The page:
Practically speaking it is not a problem. Here is the attack vector that they are describing (hypothetically, I don’t think it actually works):
- the dev creates a specially crafted smart contract with 0 length (and I am not even sure that it is possible, if somebody wants to test this and reply to this thread I’d greatly appreciate). The blockchain returns the address of the deployed smart contract
- Then the dev needs to convince people to send ERC223 tokens to this address. Since the smart contract of 0 length is pretty much guaranteed to not do anything useful, these tokens shall be burned forever.
The owner of the token has to manually send the tokens to that address, there is no way a “hacker” can steal the tokens from you unless you give them away. Compare this to ERC20 where you may lose tokens by accidentally sending them to ANY smart contract address, not just the specially crafted one. Furthermore, the “hacker” would not extract any benefit from this attack, and thus it is unlikely they will spend $$$ marketing their specially made contract address. The “hacker” would simply lose money without any gain.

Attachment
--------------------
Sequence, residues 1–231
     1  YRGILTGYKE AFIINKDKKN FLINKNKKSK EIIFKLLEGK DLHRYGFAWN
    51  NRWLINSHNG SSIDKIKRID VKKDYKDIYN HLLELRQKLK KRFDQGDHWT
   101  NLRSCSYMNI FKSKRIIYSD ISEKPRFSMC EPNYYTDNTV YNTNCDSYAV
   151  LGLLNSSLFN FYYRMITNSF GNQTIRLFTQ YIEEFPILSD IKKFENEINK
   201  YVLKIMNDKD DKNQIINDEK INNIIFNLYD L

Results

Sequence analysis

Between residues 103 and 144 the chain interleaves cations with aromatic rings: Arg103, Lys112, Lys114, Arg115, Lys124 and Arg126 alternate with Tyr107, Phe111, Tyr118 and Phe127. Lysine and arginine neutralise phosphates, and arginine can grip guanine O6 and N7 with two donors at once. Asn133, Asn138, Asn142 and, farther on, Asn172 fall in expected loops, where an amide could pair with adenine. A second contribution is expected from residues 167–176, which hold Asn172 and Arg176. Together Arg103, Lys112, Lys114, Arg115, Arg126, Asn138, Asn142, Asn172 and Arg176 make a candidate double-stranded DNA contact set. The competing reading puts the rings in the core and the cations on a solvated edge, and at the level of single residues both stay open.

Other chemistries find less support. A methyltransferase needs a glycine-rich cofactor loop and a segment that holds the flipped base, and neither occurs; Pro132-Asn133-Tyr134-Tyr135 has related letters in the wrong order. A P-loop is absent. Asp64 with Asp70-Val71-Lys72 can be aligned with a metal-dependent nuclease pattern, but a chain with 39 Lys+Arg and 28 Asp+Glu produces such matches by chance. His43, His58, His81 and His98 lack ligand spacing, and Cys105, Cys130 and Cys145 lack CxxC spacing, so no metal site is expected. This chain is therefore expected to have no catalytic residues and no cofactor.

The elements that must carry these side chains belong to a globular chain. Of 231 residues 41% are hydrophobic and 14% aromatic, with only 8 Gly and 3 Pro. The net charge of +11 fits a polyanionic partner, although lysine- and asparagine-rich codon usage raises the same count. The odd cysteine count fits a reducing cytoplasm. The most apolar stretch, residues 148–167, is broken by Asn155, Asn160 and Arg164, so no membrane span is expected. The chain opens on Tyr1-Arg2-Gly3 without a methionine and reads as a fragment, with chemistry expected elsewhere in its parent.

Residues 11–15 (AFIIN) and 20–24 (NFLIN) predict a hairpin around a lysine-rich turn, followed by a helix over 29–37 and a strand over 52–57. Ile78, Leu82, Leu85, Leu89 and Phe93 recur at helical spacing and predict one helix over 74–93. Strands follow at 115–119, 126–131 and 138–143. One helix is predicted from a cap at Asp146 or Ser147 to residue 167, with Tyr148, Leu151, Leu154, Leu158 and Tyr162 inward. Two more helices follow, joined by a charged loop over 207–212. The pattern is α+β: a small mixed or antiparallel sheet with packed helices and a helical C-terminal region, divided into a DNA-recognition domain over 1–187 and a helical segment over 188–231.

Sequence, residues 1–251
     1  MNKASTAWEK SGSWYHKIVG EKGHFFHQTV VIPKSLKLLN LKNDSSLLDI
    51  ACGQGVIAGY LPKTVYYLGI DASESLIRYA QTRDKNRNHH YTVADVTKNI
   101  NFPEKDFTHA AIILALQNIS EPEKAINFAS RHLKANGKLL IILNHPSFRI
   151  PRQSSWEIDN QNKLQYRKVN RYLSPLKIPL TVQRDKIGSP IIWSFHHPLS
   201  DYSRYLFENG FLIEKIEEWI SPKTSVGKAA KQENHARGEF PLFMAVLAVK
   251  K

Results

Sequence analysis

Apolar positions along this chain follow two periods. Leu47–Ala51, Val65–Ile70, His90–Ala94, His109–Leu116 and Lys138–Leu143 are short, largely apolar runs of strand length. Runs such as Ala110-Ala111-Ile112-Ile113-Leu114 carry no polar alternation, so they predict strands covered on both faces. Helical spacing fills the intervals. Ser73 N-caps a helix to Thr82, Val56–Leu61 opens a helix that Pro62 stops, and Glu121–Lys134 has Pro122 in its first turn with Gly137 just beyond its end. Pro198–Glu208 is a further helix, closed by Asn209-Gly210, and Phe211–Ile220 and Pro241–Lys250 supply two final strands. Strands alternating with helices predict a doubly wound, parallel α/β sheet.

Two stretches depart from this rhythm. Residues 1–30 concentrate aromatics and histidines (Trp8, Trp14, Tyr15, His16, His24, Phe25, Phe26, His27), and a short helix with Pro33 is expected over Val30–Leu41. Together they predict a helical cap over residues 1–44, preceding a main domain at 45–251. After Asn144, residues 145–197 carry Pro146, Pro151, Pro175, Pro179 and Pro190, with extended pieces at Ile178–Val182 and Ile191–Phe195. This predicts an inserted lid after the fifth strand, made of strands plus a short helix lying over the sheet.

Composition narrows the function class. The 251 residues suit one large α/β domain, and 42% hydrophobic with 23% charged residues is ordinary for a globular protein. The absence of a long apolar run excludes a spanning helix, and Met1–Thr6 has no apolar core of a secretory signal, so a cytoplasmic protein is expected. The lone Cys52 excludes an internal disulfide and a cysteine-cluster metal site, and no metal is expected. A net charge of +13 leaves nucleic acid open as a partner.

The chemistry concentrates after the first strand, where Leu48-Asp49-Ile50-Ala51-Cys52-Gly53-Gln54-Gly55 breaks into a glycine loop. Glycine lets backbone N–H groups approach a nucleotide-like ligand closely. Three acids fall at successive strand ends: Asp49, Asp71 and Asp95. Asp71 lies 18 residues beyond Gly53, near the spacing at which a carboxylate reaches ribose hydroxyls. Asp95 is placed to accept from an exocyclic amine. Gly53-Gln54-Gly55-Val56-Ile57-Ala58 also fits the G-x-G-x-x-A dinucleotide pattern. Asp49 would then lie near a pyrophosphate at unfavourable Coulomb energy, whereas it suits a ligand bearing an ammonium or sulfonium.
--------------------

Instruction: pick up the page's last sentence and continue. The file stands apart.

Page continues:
Sounds like creating an ICO contract and asking people to send ETH to that address is a much more dangerous attack on the blockchain, and yet Ethereum is consistently in top-3 coinmarketcap with market cap of over 10 billion USD. And in the ICO case the money goes to a single person, instead of being burned and improving the token’s scarcity. What an attack vector!
Hope this explanation makes sense. It is hard to explain nitty-gritty details of how EVM works to an audience not familiar with coding, but definitely not impossible! We are doing our best, please keep asking those questions and provide us feedback on our answers